We found her, alone in her room, stretched out under the covers to keep warm, the TV tuned to a snooker tournament, one of her few pleasures. Estera is my age. She is almost completely paralyzed. Since we first met her she has lost the use of her hands and her vision has worsened. So reading the Bible or Christian books is out of the question. Most of the time she is left in isolation and can’t even change the TV channel unless someone comes to help her. And her new roommate spends most of her time sleeping, complaining or cursing. Naturally, she was happy to see us and immediately asked us to turn the volume on the TV down so we could talk. (more…)

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Sunday afternoon was our women’s Bible study and the 28th study we’ve had on the women of the Old Testament. This one took me all summer to prepare because the subject was the wrath of God as displayed in Jezebel’s death, and before I opened my mouth, I wanted to deepen my understanding, both of God’s wrath and of Christ’s substitutionary death for His people. Without thorough preparation, there was too much room for heresy! Plus, I was scared to teach it because I was a little too worried about whether the women would want to hear another study on Jezebel, having already heard two.

But by Sunday afternoon, God had met me, had provided great study resources and had warmed my own heart with His truths. He had reawakened me to the fury of the wrath I had escaped in Christ and to the preciousness of salvation, and I felt eager to share with the ladies 4 main things:

  • That God is glorious, not only in His grace, but also in His vengeance;
  • That we also are little Jezebel’s as witnessed by our own idolatry and thus deserving God’s wrath;
  • That Jezebel’s judgment is a signpost God has graciously given which points ahead to the Day of Wrath and warns us to run to Christ;
  • and finally, how in Christ we are saved from God’s wrath. 

Okay, it was a lot to cover, and I knew the study might make the women uncomfortable, but I also knew that they needed far more than cooking lessons or fluffy or amusing little devotional talks. Like me, the women I know are fighting a daily battle against sin, and often losing. Like me, they need truth that will help them dwell as close to the cross as possible.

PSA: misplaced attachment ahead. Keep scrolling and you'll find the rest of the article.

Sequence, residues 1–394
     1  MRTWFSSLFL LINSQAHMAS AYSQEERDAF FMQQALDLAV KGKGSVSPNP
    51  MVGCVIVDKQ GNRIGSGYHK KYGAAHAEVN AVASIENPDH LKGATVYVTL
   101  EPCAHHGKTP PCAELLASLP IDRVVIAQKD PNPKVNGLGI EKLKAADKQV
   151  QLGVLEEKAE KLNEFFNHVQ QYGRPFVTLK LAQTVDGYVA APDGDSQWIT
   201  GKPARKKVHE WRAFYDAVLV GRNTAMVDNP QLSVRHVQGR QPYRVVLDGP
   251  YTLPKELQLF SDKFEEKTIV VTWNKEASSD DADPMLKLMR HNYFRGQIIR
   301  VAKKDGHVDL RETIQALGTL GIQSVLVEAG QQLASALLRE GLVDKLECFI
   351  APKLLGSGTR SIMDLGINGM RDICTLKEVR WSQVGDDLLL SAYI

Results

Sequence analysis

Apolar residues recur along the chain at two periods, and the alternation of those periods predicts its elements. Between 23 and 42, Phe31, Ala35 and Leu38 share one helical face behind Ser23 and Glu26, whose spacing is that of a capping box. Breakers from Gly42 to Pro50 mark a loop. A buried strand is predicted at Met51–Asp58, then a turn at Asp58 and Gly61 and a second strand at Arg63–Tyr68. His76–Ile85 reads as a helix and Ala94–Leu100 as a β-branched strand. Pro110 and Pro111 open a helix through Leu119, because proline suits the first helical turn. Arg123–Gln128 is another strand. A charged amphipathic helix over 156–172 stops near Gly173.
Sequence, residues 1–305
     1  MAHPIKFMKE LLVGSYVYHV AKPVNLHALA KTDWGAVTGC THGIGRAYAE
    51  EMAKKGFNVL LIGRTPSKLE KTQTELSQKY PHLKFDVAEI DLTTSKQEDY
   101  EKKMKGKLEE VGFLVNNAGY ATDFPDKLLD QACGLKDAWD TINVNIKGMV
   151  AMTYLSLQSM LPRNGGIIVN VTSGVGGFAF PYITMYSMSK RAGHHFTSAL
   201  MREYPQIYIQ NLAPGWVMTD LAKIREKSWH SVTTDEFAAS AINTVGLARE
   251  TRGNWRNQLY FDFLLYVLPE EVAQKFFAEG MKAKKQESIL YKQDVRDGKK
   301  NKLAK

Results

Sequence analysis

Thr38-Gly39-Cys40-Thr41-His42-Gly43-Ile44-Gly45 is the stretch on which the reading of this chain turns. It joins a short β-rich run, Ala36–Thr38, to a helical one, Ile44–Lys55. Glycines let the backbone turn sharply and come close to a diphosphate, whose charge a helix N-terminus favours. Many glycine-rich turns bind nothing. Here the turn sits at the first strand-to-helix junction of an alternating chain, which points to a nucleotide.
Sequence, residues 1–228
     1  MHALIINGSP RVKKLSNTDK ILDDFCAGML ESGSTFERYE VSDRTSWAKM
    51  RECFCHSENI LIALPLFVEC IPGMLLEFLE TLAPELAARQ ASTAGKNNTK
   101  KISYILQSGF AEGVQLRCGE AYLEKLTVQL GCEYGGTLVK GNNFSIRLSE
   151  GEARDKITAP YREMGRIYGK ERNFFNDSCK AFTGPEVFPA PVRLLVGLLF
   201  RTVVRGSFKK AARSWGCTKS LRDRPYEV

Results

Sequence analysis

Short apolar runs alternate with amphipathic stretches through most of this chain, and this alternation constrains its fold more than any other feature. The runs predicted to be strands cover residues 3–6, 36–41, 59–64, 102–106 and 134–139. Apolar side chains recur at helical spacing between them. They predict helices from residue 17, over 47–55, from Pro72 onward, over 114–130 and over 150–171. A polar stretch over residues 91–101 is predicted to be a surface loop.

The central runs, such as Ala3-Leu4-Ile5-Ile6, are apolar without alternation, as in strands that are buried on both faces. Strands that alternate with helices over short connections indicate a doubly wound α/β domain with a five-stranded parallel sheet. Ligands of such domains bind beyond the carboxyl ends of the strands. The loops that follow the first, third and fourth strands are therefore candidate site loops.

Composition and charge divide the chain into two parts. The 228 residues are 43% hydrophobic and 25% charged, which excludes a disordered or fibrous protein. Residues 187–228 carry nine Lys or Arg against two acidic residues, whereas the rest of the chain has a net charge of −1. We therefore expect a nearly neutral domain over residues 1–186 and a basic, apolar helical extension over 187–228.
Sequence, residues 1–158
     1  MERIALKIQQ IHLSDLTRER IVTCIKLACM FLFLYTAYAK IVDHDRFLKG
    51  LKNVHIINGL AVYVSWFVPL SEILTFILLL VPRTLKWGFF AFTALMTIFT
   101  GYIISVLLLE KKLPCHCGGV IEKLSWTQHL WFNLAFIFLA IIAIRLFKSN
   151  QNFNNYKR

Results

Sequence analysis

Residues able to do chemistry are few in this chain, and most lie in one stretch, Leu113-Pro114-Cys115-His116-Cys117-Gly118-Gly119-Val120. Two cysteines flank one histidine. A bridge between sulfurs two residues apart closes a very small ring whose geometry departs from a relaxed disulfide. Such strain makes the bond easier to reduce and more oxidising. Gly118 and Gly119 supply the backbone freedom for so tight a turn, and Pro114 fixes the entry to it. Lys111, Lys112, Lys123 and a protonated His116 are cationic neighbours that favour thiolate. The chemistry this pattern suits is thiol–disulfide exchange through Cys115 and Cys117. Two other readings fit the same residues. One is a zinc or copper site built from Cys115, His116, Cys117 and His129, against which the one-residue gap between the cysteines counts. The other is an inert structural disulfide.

I know that. And yet this is how weak I am. The minute I stand in front of the ladies and begin to teach, all that certainty seems a million miles away. (more…)

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Wednesday, Tim, Miha and Lucretia went out to the other home for the elderly we vist and had a great time. Tim and Miha played four rousing games of Rummy with their friend Petre* and some others and afterwards had a very serious spiritual conversation in which they were able to open the scriptures with Manuela*. Manuela is a dear believer there who is seeking to follow Christ, but is discouraged by her environment and is stalked by hopeless thoughts. But praise God for the power of His Word and the joy that true fellowship brings. Tim was so touched by her words as they left. She told them, “Today the sun REALLY came out!”

*Names changed

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Note: all names of residents are changed

Today I steered our little blue Dacia Logan out the winding country road, thick with trucks and summer traffic, up over the mountain and out to where the elderly home nestles between apple orchards and brown cornfields. The place would be pleasant enough, but we know that to the lonely residents who live there it only means further isolation from the world, with resulting boredom and misery.  For me, each such visit to these homes demands fresh dependence on God’s grace for wisdom, words, patience and endless supplies of love, not to mention physical strength. We never know what to expect. Sometimes the conversations are so sweet they take your breath away. Other times they leave you completely frustrated.  Most of the time, like today, it is a mixture. You do your best and trust that God is working in spite of what you don’t see.

Today, I park in the gravel outside the home and Miha, Ovidiu, Angi and I climb out of the car and head through the gate towards the front door. Before we are even that far, a sour scent of urine leaks from the building and combines with the waves of heat from the summer sun to create an ammonia sauna atmosphere. I try to ignore it. (more…)